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Democrats Dissing ObamaCare

Wall Street Journal - May 1 By KIMBERLEY A. STRASSEL

Mark Sanford and Elizabeth Colbert Busch on Monday held their first and (likely) only debate in the run-up to next week's special election for the 1st congressional district in South Carolina. The media tittering over Mrs. Colbert Busch's decision to publicly slap the former Republican governor over his extramarital affair obscured the more notable political comment of the night.

That moment came when Mrs. Colbert Busch slammed her own party's health-care law: "Obamacare is extremely problematic, it is expensive, it is a $500 billion [higher] cost than we originally anticipated, it's cutting into Medicare benefits and it's having companies lay off their employees because they are worried about the cost of it. That is extremely problematic, it needs an enormous fix."

South Carolina's first district is a conservative place—it voted overwhelmingly for Mitt Romney in last year's election—so Mrs. Colbert Busch has every political reason to distance herself from her party and its health law. Yet she becomes one of the first Democrats to attempt to win an election on the back of criticism of her president's signature achievement. Even Democrats who cast themselves as "moderates" running in conservative states in the 2012 Senate election—like Heidi Heitkamp in North Dakota, or Joe Donnelly in Indiana—were careful to maintain a generalized support for ObamaCare.

Mrs. Colbert Busch also joins a growing chorus of Democrats who are backing away from the law now that its enormous costs and implementation problems are becoming more obvious. Montana Democrat Max Baucus used a recent Senate hearing to worry that ObamaCare was looking to be a "train wreck." West Virginia Democratic Sen. Jay Rockefeller pronounced that ObamaCare is "so complicated" that "if it isn't done right the first time, it will just simply get worse." The most recent Kaiser Health Tracking Poll confirmed that the law has been plummeting in the public's opinion. Just 35% of Americans today view ObamaCare "favorably" or "somewhat favorably," down eight points since Election Day and its lowest level of support since it was passed.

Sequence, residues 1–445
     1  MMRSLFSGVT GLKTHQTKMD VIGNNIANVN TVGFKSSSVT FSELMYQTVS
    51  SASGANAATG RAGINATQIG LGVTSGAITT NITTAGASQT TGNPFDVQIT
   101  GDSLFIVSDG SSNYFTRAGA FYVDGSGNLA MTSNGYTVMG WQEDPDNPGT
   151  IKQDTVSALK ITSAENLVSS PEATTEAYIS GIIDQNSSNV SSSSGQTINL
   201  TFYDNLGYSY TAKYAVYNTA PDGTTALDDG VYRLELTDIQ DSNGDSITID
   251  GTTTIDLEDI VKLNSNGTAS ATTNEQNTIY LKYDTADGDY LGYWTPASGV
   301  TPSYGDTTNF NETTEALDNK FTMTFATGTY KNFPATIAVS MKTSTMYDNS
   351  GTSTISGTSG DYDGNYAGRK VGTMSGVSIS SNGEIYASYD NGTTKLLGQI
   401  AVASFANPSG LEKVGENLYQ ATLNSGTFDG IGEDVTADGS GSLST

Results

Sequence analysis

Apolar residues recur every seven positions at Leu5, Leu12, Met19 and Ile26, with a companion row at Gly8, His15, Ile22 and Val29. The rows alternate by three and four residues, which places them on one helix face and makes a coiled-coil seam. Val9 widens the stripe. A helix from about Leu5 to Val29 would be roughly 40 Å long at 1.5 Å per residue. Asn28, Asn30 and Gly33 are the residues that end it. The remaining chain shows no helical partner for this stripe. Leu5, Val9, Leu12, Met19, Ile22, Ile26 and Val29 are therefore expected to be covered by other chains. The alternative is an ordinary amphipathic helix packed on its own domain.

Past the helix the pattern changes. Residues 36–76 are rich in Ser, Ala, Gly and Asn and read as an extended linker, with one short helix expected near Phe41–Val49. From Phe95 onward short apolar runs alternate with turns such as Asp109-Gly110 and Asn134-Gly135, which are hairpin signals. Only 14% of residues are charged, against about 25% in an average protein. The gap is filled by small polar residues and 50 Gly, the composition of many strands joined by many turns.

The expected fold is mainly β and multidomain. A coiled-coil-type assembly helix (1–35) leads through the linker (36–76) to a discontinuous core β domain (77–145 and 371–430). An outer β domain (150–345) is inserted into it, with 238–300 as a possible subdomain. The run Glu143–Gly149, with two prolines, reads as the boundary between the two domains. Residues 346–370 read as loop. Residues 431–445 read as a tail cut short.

Mr. Sanford, who is struggling in the race given the focus on his past indiscretions, made a point of noting in the debate that while Mrs. Colbert Busch may claim to disavow ObamaCare, she was recently thrown a fundraiser by 37 Democrats who all "supported and voted for ObamaCare." And note, too, that Mrs. Colbert Busch did not go so far as to call for ObamaCare's repeal—simply an "enormous fix." The voters of South Carolina ought to be asking the Democratic candidate how she defines such a "fix."

by Anonymousreply 2605/10/2013

Wall Street Journal, naturally.

by Anonymousreply 305/08/2013

R2, you're a moron.

by Anonymousreply 405/08/2013

Wall Street Journal has turned into an even bigger right-wing-nut rag. After they reformatted the size, facts didn't matter anymore. I quit my subscription.

by Anonymousreply 505/08/2013

[quote]He forgot to say premiums through our employers are already going up by 40%

That's because to say that would be a lie.

Overall, medical costs are stabilizing; they're not increasing as fast as they used to and some experts think the change is permanent.

Those who are protesting about higher premiums have been doing so ever since passage of the ACA, even before a single provision of the bill took effect.

by Anonymousreply 605/08/2013

R2 is a moron because he's posting partisan drivel, just as you are. You also both happen to be posting false information, most likely because you're lying.

by Anonymousreply 805/08/2013

Tell us where you got the information you cited please, r9.

by Anonymousreply 1105/08/2013

A Single-payer System would have prevented this. Democrats prefer to work with Republicans to protect the private profits of the Insurance Industry which has no real purpose being involved in Health Care in the first place. All the Insurance Industry does is siphon off hundreds of billions that could go to providing care for the ill and the injured.

by Anonymousreply 1305/08/2013

I agree with you, r13, and at this stage of my life, healthcare is my number one annual expense and fear.

It's what keeps my up at night, not the economy.